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Power and the people

Understanding the policies and decisions that shape your life on the local, national, and international level requires keen insight and expert analysis. The political science major at Clark helps you explore this dynamic subject across three crucial areas — American politics and public policy, comparative politics, and international relations — in the context of a foundational liberal arts education.

You’ll investigate a range of issues that reverberate within and beyond Clark’s campus, including civil liberties, human rights, elections, and globalization. In line with our focus on action-based learning, you’ll collaborate with faculty members and peers to drive positive change through your research, internships, and service projects, at home and abroad.

Requirements for:

Why Study Political Science at Clark?

  • Engage in hands-on learning experiences like Clark’s highly successful Mock Trial team and Model United Nations program (one of the top 15 in the country), where you can compete in conferences at Yale, Harvard, Mount Holyoke, and other colleges.
  • Apply to participate in a faculty-led trip to Washington, D.C., to attend oral arguments at the U.S. Supreme Court, and meet with professionals from a range of judicial agencies and Clark alumni who are lawyers.
  • Apply to the department’s Harrington Public Affairs Fellowship Program, which funds several political science majors each year as they conduct original research on politics and public policy, as well as service projects.
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Your Will. Your Way.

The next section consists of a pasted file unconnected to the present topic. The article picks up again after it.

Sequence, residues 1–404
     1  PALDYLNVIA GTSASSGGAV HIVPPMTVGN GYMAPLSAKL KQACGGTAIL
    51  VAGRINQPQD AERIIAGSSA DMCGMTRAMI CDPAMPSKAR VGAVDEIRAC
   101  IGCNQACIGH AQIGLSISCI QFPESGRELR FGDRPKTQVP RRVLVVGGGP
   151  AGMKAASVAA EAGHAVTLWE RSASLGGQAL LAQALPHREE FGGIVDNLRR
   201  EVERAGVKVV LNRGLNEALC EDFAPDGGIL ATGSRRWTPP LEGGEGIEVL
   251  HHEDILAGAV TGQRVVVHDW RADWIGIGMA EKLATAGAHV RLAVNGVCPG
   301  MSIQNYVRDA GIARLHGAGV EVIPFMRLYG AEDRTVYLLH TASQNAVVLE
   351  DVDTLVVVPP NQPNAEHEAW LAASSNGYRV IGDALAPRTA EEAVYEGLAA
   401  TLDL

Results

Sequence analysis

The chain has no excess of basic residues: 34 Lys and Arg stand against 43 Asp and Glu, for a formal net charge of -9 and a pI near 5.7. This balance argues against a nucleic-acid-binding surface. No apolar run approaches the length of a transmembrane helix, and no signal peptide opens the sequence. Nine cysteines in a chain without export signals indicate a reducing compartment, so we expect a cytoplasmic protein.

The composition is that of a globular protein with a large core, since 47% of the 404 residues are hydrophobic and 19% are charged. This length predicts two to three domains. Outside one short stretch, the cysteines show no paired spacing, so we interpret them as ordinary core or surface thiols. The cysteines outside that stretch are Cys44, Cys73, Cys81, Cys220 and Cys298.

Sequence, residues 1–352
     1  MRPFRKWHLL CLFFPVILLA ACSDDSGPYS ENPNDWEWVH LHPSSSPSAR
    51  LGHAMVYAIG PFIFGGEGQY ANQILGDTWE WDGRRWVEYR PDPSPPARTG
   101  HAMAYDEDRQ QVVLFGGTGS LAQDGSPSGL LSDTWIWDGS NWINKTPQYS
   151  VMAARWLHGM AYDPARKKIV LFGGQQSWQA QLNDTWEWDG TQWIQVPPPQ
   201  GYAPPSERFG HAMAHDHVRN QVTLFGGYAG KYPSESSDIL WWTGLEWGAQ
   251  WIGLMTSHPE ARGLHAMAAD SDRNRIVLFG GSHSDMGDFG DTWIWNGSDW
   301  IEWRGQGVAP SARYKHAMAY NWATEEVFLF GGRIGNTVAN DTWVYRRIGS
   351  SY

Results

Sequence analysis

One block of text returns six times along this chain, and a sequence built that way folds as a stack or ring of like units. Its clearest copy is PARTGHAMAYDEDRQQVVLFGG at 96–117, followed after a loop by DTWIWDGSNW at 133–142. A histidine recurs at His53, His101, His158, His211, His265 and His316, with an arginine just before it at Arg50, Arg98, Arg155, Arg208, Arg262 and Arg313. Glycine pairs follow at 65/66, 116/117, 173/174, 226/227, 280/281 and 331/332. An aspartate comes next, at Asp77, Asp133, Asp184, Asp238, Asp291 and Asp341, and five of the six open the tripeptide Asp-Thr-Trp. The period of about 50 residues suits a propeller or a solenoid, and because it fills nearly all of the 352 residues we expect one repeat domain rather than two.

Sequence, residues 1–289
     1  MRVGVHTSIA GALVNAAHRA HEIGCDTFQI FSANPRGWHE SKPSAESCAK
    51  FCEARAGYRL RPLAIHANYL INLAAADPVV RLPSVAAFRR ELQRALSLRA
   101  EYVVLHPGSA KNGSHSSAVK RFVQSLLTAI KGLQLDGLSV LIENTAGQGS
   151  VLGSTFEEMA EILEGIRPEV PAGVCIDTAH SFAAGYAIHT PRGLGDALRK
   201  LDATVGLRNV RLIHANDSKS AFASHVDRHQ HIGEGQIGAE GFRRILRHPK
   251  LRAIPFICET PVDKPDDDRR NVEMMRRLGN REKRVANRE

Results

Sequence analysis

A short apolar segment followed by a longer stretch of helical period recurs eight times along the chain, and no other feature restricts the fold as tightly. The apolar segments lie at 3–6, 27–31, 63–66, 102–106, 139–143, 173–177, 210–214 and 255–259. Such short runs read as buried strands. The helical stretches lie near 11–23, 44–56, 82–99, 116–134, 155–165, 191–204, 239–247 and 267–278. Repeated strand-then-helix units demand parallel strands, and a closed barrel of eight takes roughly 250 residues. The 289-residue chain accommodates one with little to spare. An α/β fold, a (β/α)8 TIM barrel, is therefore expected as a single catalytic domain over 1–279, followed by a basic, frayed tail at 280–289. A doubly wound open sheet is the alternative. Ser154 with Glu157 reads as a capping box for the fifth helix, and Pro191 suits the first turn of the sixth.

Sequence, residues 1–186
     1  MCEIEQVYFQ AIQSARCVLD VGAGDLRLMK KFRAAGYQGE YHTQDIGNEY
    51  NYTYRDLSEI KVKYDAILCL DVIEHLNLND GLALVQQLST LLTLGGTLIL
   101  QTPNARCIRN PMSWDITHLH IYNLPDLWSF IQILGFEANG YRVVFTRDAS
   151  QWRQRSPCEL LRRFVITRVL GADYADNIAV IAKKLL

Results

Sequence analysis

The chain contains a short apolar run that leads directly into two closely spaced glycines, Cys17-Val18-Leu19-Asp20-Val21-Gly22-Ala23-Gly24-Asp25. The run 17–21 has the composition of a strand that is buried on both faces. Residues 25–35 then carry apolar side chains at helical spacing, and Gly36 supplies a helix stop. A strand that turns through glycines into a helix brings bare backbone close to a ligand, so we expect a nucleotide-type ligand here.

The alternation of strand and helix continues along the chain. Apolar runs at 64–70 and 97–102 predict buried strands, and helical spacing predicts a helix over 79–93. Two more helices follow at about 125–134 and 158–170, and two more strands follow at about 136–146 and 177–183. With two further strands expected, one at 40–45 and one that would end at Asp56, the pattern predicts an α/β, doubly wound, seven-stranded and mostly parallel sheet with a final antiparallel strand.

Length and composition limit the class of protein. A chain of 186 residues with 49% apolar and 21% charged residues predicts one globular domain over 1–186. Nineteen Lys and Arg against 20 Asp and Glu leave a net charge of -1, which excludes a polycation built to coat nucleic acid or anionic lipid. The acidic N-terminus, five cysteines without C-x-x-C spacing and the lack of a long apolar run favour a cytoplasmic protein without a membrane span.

The Major Path

A minimum of 13 courses are required to complete the political science major. Foundational classes in research methods and political theory will show you how to articulate, evaluate, defend, and rebut answers to the questions that political scientists ask. You’ll choose a subfield of political science (American politics and public policy, comparative politics, or international relations), taking courses from the introductory level to an advanced capstone seminar. Classes outside your subfield, as well as Economics and the World Economy and a course in history, will broaden your knowledge base. You’ll have flexibility in your course selection.

Skills you will learn include how to:

  • Conduct political science research using appropriate data and methods
  • Formulate a research question and a thesis statement, and write a critical literature review
  • Use evidence to articulate and defend arguments about the relative merits of political actions, policies, and types of political institutions
  • Analyze and evaluate arguments and statements made by both scholars and political actors
  • Communicate effectively in both written and oral form

During your junior year, you might be accepted into the political science honors program. Joining the program means you’ll work closely with a professor to create a thesis on a topic of your choice. Examples of recent honors thesis topics are:

  • LGBT Politics and Migration in Latin America: The Case of Argentina as a Safe Haven for Gender and Sexual Minorities
  • From Trials and Truth to Amnesty and Amnesia: Transitional Justice in Argentina and Spain
  • Anti-American Propaganda in Cuba: Stability through Fear
  • Theravada Buddhism’s Political Significance under the Military Junta (1992-2011) and President Thein Sein’s Democratizing Government (2011-) in Myanmar
  • Overriding the Tax Revolt: An Exploration of Why a Majority of the Voters in Some Massachusetts Cities and Towns Have Voted for Higher Property Taxes

The LEEP difference

An education merging knowledge, action, and impact

With Liberal Education and Effective Practice, lessons begin in the classroom but never end there. Your learning includes world and workplace experiences that forge your skills and shape your path.

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Explore what the Department of Political Science has to offer.